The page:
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Changing the Landscape of our Prisons, One Person and One College Course at a Time

By Katherine D. Perry, Associate Professor of English and Cofounder and Coordinator of the Georgia State University Prison Education Project

Georgia State University’s Prison Education Project at Perimeter College (GSUPEP) was awarded a $210,000 grant in October from the Laughing Gull Foundation to help accomplish its mission to educate people in Georgia prisons.

Led by me and two other Perimeter faculty members, Andy Rogers and Marissa McNamara, the project will use the grant funds to begin two new associate degree programs for students who are incarcerated.

GSUPEP offers new educational opportunities to this underserved and often maligned population, to promote the rebuilding of humanity through college courses, and to change the public perception of crime and its punishments.  GSUPEP is working from models in nearby states, like the Alabama Prison Arts + Education project and the Tennessee Higher Education Initiative where innovation in prison education is thriving in states with similarly high incarceration rates.

Both of GSUPEP’s new degree programs will begin with core classes such as English, history, sociology and mathematics to offer students the first building blocks for their college educations.

We have about 20 faculty members who have volunteered to teach in our program. To participate, faculty must take several levels of training, be willing to travel to prisons in remote locations and teach in non-technology classrooms. Despite this, our teachers say that teaching in prisons offers them opportunities to teach students who are highly motivated and engaged, students who thought they might never be able to earn a college degree.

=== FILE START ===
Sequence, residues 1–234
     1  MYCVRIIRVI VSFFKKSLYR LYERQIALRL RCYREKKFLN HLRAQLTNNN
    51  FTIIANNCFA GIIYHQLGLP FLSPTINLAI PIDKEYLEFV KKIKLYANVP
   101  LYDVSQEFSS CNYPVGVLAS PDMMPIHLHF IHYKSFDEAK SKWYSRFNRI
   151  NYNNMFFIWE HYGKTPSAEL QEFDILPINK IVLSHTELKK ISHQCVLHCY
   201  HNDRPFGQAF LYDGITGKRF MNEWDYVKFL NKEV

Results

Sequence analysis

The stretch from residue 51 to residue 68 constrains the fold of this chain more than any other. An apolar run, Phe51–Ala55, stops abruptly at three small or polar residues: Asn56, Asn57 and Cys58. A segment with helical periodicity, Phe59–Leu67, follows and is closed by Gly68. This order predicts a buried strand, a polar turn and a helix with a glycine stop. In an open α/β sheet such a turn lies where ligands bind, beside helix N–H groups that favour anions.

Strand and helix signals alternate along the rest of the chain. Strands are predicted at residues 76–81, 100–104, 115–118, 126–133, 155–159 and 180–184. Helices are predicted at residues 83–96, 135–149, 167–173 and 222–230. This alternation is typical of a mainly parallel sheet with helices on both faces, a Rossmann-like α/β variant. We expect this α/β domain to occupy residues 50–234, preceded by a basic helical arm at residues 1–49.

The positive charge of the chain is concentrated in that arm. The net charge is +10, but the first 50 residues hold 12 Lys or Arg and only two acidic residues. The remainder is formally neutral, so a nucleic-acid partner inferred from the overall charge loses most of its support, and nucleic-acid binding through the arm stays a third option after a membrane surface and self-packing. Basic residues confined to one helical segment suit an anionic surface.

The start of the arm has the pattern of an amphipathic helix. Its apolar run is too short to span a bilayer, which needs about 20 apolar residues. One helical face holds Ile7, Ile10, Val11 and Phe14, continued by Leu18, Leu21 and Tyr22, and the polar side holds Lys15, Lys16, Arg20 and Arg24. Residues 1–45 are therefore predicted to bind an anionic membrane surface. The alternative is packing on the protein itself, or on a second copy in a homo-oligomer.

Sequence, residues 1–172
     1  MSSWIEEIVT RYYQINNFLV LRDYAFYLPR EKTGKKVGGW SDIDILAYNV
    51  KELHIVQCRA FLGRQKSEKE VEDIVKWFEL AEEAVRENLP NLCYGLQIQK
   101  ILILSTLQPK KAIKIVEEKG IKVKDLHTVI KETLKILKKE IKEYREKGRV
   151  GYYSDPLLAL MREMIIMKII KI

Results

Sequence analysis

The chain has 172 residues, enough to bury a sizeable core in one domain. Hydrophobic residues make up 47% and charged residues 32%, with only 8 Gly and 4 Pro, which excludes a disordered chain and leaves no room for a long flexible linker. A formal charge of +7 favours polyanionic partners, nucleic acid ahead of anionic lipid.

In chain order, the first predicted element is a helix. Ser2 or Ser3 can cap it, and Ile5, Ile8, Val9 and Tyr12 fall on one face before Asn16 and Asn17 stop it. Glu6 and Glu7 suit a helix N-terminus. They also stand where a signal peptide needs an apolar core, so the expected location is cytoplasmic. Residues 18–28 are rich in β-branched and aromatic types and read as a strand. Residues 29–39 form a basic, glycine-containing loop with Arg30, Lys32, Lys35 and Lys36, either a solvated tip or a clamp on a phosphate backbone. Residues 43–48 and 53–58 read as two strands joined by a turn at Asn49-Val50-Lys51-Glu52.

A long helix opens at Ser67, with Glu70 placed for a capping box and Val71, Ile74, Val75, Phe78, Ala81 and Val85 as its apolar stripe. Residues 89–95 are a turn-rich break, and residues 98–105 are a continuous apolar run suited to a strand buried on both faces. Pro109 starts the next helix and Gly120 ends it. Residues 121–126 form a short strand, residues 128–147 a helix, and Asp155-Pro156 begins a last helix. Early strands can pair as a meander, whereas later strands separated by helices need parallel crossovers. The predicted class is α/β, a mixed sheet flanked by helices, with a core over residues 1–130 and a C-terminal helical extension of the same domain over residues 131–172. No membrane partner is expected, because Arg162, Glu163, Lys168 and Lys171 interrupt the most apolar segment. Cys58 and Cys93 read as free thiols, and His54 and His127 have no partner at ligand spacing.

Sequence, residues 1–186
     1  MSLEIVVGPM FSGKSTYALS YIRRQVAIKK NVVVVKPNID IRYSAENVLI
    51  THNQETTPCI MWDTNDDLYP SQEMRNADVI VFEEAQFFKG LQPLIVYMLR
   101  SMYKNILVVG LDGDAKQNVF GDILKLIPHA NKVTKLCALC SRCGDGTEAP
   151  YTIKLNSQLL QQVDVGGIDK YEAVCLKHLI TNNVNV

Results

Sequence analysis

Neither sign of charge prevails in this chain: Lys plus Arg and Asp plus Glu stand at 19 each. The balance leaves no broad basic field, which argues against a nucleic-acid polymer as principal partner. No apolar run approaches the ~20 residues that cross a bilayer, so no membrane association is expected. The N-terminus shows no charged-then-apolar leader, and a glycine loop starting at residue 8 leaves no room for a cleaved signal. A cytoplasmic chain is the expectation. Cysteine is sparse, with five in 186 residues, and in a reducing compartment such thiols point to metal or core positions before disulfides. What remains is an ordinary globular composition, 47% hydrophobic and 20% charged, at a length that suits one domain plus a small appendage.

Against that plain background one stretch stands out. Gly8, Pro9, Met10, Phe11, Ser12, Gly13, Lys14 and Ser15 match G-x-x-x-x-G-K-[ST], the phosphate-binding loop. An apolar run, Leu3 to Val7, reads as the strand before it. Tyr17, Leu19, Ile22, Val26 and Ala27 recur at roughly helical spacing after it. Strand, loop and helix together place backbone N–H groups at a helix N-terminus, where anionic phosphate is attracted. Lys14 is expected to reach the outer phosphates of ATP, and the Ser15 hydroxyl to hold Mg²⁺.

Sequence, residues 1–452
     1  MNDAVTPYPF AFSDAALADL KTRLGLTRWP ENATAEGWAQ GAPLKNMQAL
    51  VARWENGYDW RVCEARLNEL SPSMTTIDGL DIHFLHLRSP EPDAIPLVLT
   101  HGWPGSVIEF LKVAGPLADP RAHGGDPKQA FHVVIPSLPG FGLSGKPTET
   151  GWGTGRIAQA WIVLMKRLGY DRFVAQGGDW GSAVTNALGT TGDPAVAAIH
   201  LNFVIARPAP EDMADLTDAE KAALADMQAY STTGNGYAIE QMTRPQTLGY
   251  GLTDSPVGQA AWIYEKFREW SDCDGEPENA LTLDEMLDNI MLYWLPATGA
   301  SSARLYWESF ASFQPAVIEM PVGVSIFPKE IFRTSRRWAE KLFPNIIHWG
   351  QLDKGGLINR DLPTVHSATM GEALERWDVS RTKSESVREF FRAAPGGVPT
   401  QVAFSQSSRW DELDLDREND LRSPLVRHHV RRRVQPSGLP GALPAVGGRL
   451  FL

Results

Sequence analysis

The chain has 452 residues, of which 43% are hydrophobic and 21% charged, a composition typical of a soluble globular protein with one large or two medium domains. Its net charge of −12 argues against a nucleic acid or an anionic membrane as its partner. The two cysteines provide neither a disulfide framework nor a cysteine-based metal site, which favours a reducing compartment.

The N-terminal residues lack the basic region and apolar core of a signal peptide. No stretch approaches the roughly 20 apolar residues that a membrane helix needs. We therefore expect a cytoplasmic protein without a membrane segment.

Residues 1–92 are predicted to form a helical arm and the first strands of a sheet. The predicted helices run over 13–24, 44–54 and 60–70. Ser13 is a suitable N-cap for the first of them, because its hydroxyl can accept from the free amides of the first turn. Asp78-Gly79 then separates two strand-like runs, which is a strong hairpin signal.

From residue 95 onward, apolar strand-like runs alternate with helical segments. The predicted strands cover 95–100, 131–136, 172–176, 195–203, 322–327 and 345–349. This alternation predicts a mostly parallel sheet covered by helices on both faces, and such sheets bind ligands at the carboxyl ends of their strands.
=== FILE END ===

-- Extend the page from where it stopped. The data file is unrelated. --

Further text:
GSUPEP’s pilot degree program started in 2017 at Phillips State Prison, working in partnership with Common Good Atlanta. Students at Phillips are continuing to move toward their degrees and have created a successful model for other Georgia prisons to follow. Since then, we’ve added pre-college classes at the Atlanta Federal Penitentiary, Walker State Prison, Hancock State Prison and the Atlanta Transition Center, and we will now add two additional degree programs.

Although most of Georgia’s prisons offer vocational education courses, since the mid-1990s many of the traditional college degree programs have vanished.  Since then, the costs of the lack of education, rising mass incarceration rates and fewer educational opportunities for people who are incarcerated have challenged Georgia’s budgets and work-force readiness. GSUPEP is working toward a turnaround for Georgia.  We want to make Georgia a leader in prison education so that all Georgia’s citizens can find meaningful work and live meaningful, productive lives.

As the two-year college arm of Georgia State, Perimeter College is working to meet students where they are, to raise the overall education level of Georgia’s residents, to build a stronger work force and to help all people earn the highest level of education they can—and that includes students in prisons.

America’s South, as it was in the Civil Rights era, can become a leader in prison education, and the Laughing Gull Foundation’s grants are making this possible.

For more information about how important prison education is nationwide, you can learn more from a March 2018 New York Times article at  https://www.nytimes.com/2018/03/06/opinion/prisons-colleges-education.html.

Katherine D. Perry is an associate professor of English at Georgia State University’s Perimeter College.


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